Letter: Vaccination risk 'rare but not trivial'

Click to follow
The Independent Online
Sir: According to Annabel Ferriman's figures ('Why another needle, Mummy?', 11 October), of the 7 million children targeted for the mass measles/rubella vaccination, only 1.2 million are not already immune. For these the benefits of vaccination will probably outweigh the risks. For the remaining 5.8 million who have had the benefits and are immune, however, only the risks, rare but not trivial, will remain.

These range from joint pains, to arthritis, to neurological disorders, and although these are said to occur less often with second vaccinations, they exist and in some cases cause permanent damage. According to The Patient's Charter, parents are entitled to know all these things and to be told of any alternatives before giving consent, but the leaflet sent to them to sign refers only briefly and dismissively to side effects.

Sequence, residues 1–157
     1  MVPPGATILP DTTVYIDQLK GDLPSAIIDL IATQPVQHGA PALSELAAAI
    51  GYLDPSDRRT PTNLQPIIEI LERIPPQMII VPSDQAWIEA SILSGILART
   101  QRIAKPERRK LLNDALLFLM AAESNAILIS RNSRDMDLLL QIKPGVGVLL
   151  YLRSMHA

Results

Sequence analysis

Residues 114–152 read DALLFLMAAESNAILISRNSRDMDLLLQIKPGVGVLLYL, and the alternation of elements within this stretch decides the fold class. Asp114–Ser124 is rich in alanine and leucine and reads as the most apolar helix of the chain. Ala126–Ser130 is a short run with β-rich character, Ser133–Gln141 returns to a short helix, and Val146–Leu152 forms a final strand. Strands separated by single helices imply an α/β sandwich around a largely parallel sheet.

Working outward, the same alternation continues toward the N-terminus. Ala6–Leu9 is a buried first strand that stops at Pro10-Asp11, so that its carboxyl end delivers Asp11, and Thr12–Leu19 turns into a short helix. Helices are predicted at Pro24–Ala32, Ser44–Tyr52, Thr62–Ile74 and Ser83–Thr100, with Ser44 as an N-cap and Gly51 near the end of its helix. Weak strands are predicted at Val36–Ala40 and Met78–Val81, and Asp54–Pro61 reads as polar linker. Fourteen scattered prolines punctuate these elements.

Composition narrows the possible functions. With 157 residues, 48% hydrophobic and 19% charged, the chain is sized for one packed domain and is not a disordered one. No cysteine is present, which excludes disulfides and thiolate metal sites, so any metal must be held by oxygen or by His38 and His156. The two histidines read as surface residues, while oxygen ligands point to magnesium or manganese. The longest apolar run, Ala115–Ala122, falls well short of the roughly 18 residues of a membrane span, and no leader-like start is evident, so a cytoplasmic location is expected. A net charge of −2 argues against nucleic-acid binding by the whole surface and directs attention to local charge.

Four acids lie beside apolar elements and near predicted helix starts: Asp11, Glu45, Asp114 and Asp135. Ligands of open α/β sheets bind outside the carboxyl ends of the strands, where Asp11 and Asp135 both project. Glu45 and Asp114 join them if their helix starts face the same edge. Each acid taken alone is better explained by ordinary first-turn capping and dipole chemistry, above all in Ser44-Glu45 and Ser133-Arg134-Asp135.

It is obviously easier to vaccinate everyone rather than trace the 1.2 million needing vaccination, and it is also easier to get consent by limiting the amount of information about risk. But every effort should be made to ensure that possible damage from vaccination is kept to the lowest possible minimum, if it cannot be eradicated altogether. This will not happen if 7 million children are hurriedly, and in some cases unnecessarily, vaccinated.

It is interesting that neither in France nor in Germany, where there should be an equal risk of an epidemic, have the health authorities agreed to mass measles/rubella vaccination. They continue with routine immunisation of those who need it, and it is reasonable to ask why we cannot do the same.

Yours faithfully,


Association of Parents of

Vaccine Damaged Children